Today I began seeing press releases from real estate pundits throwing out their predictions for the 2015 housing market. That’s all fine and good and I will probably give own opinions on 2015 in the coming weeks, but before I do that I thought it would be appropriate to take a look at what transpired in 2014.
2013 was a hot year for home prices across the nation and the prediction for 2014 was that prices would continue to rise but at a much slower 4% - 5% increase compared to the 10% plus of 2013. I saw that to hold true as the first quarter of 2014 was still strong, but as summer approached I noticed a few thing transpire that led to a slight downturn in sales prices into the second half of the year.
Confidence was high coming out of 2013 and because prices had rose significantly many homeowners were now finally not “underwater” any longer and could finally make that move they had been wanting to make. This led to an uptick in inventory available for sale as owners listed their homes for sale looking to “move up”, “move down”, or relocate. A recent Palm Beach Post article reported that the inventory of single family homes available for sale is 14% higher than at this same time last year. Demand from homebuyers remained just as strong with sales volume increasing by 19% and that’s a result of actually having inventory available. Home prices only grew by 2% during this same timeframe. In summer of 2012 I penned a blog article titled, “It'shere...Real Estate is back!”, and it was. Much of 2013’s huge price increase was fueled by stunningly low inventory and at this time prices were also about 10% lower on average than in 2014. In Northern Palm Beach County we saw many neighborhood values jump by 20% in 2013. Demand from 2013 to 2014 didn’t change dramatically, but now homebuyers had more choices to meet the demand. Also, with asking prices in our area 20% higher on average than the year before buyers became more deliberate and cautious in the home buying process through the 2nd half of 2014. This increased competition of homes for sale led some homeowners to begin dropping their asking prices, so not to miss their opportunity to move before the school year and much of the rest of the market followed. While prices didn’t increase dramatically in 2014 it was a very healthy and probably the most uneventful and “normal” year in the housing market we’ve had in almost a decade.
The early predictions on mortgage rates for 2014 were not too rosy. Many predicted rates to rise from the high 3% range of 2013 to over 5% by the end of 2014. Thankfully for the housing market those predictions were wrong and rates hovered between 4 – 4.5% most of the year. While mortgage interest rates favored better than their early predictions, lending qualifications and costs did not. FHA – backed loans, which are best known for their low-down payment requirement of 3.5% and easier qualification requirements, raised their funding fee and PMI (private mortgage insurance) costs on all loans earlier this year. Also, with FHA loans a borrower could be eligible to drop the PMI insurance after 5 years, but now PMI remains for the life of the loan. The other significant change I saw this year was with the lending guidelines for a borrower with a past short sale. The guideline for a conventional borrower putting 20% down was that 2 years after a short sale they could be eligible to get a mortgage again. That rule changed to 4 years now. I knew of many people with past short sales that were going to be in the market to buy a home end of this year or in 2015 who now may not be eligible to get a home mortgage until 2016.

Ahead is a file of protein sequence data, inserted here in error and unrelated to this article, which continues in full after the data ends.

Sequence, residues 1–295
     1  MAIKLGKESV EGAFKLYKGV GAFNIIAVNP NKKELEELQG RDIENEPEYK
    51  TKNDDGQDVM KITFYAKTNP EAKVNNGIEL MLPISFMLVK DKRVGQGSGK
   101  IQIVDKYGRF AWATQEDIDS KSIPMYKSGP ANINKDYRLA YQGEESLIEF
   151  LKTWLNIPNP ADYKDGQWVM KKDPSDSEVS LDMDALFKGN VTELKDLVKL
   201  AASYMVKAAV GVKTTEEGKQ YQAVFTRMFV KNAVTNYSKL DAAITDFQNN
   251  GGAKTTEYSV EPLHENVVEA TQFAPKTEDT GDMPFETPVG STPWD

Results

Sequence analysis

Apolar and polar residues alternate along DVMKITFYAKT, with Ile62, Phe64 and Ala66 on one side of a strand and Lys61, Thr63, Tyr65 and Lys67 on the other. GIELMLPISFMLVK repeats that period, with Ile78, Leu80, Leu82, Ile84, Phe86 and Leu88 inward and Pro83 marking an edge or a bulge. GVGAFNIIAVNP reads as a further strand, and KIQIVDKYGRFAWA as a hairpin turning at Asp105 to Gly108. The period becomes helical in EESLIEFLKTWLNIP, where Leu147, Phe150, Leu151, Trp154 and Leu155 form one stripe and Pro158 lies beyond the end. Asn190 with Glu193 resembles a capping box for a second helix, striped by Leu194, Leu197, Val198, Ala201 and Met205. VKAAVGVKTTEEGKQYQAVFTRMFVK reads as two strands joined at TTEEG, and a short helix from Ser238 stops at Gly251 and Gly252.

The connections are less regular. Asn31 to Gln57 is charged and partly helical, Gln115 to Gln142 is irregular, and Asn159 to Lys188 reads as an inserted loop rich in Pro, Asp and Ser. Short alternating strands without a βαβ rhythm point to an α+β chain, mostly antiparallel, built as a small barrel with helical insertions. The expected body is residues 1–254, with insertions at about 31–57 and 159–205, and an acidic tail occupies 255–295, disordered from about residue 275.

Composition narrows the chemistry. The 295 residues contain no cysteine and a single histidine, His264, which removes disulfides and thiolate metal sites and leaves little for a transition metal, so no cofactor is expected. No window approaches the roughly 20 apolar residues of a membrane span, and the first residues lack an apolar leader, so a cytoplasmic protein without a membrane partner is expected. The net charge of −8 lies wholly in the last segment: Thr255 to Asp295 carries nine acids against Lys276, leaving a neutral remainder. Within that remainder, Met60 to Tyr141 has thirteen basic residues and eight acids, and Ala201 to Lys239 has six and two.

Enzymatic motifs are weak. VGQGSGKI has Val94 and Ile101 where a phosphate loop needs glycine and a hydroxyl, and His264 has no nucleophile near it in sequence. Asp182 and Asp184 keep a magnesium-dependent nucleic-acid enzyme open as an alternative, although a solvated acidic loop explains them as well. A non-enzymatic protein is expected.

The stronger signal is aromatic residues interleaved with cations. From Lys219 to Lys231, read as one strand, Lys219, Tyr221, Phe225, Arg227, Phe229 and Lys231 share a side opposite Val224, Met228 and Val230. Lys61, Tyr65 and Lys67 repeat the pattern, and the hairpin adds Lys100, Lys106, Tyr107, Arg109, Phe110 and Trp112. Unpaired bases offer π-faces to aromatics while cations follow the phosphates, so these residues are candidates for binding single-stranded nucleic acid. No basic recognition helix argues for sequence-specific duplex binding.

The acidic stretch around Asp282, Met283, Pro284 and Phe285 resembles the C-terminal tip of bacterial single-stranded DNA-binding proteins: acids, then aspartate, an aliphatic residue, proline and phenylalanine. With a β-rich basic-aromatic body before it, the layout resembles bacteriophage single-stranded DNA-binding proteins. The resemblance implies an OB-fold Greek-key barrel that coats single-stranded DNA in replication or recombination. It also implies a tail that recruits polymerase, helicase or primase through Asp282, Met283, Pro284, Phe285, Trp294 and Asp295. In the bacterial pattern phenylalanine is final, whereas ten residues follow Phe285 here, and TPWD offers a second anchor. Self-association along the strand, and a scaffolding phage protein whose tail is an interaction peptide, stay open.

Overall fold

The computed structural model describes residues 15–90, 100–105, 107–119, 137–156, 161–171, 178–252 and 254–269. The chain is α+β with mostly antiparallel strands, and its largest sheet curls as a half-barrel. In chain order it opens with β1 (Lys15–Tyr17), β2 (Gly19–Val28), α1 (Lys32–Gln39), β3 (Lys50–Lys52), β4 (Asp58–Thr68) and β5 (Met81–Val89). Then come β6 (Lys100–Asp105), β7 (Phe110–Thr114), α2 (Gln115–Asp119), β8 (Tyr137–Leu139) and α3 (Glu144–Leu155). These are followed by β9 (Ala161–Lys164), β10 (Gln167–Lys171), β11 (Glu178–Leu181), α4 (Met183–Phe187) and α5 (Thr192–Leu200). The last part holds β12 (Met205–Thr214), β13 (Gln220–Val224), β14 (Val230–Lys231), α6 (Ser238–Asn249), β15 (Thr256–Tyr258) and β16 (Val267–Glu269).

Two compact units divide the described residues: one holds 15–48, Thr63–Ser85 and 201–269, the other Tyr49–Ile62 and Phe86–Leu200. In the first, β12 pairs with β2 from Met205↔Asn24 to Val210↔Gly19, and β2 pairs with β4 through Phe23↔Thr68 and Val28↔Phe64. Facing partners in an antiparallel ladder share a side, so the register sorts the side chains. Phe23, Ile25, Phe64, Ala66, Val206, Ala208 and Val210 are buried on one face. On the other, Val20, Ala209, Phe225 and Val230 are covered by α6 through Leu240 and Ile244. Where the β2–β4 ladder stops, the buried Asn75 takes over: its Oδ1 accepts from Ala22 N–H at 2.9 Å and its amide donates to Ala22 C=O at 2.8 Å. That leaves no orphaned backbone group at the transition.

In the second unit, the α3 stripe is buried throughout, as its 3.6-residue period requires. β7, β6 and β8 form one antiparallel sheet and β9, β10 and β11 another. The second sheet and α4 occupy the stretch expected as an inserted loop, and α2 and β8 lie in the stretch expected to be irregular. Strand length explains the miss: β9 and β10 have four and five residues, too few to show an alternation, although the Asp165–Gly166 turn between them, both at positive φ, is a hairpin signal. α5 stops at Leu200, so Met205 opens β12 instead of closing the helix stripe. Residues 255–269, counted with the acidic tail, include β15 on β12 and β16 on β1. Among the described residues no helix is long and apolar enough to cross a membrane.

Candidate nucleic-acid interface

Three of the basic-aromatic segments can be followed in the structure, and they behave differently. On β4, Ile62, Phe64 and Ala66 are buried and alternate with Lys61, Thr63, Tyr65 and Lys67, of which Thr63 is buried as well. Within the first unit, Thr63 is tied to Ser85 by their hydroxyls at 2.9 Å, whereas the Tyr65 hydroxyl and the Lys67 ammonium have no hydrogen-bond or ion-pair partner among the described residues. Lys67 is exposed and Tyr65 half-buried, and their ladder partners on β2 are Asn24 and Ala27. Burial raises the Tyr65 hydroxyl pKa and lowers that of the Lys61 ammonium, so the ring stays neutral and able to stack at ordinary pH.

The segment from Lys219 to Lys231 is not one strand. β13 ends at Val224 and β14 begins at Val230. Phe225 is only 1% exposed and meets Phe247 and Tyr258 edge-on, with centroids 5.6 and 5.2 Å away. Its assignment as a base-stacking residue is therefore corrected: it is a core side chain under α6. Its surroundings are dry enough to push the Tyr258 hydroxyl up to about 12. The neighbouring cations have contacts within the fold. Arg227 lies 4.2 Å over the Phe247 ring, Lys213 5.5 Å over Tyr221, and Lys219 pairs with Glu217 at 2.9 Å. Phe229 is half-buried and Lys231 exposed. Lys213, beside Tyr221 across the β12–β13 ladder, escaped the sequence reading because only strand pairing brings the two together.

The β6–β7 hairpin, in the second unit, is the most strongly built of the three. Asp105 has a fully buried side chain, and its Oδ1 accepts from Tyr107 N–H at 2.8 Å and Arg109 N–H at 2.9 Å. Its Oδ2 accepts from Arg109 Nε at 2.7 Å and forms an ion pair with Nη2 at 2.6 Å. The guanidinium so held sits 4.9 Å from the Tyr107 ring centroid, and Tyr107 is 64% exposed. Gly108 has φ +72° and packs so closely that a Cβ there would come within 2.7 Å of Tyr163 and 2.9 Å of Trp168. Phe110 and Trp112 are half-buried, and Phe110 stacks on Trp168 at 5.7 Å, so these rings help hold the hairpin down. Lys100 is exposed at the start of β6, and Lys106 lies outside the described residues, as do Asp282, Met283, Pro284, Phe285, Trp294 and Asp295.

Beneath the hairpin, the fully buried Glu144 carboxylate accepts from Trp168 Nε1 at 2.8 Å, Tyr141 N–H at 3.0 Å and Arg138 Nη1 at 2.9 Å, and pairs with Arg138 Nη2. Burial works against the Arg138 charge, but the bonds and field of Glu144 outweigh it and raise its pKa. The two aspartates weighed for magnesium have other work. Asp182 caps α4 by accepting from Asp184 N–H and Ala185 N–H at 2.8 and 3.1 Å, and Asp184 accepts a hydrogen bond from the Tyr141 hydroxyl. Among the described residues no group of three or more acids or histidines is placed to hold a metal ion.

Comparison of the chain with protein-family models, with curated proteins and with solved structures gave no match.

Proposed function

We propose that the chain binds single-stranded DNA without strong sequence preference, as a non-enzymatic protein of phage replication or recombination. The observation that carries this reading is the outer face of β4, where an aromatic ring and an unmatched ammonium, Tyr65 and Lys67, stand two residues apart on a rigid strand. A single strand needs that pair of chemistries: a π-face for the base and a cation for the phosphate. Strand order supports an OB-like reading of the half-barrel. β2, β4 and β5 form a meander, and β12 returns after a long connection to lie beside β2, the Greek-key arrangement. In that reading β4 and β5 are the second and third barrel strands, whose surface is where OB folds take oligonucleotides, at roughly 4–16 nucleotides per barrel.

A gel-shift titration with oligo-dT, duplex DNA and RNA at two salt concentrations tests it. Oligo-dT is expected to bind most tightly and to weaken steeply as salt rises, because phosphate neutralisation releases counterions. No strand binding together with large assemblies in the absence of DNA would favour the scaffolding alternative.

Speaking of short sales, the prediction for 2014 was that there would be less short sales and “bank-owned” properties in the marketplace and that definitely seemed to hold true. In our market distressed sales fell to around 10% of our market from about 20 – 25% in previous years. The higher homes values helped many homeowners avoid short sale and foreclosure and the banks have been forced to do a better job at managing their distressed inventory and managing the foreclosure process.
2014 turned out pretty much as predicted overall in that it would be a return a more normal, moderate housing market.
Stay tuned for new posts on our outlook for the housing market in 2015.
Joby Slay is the owner of The Harvest Realty Group, a full-service real estate brokerage helping clients in Northern and Central Palm Beach County buy and sell properties in all price ranges. Joby specializes in short sale and foreclosure transactions and has quickly become recognized as one of the premier short sale experts in the area. Since 2004, Joby has successfully negotiated short sales in 4 South Florida counties (Palm Beach, Broward, Martin, and St. Lucie) from Ft. Lauderdale to Ft. Pierce and often sought out for his advice on short sale matters across the U.S. He understands the financial and emotional difficulties that often accompany families faced with foreclosure. Joby and his team successfully complete dozens of short sales a year and have saved dozens of individuals and families from losing their homes to foreclosure. Joby earned an MBA in Real Estate Development from Nova Southeastern University graduating in the top of his class with Sigma Beta Delta Honors and a 3.90 GPA. He also earned designations as a CDPE – Certified Distressed Property Expert, IMSD - Internet Marketing Specialist Designation, and PPMC - Professional Property Management Certification. He is a Florida Licensed Real Estate Salesperson and a Member of the National Association of Realtors and Local Board of Realtors.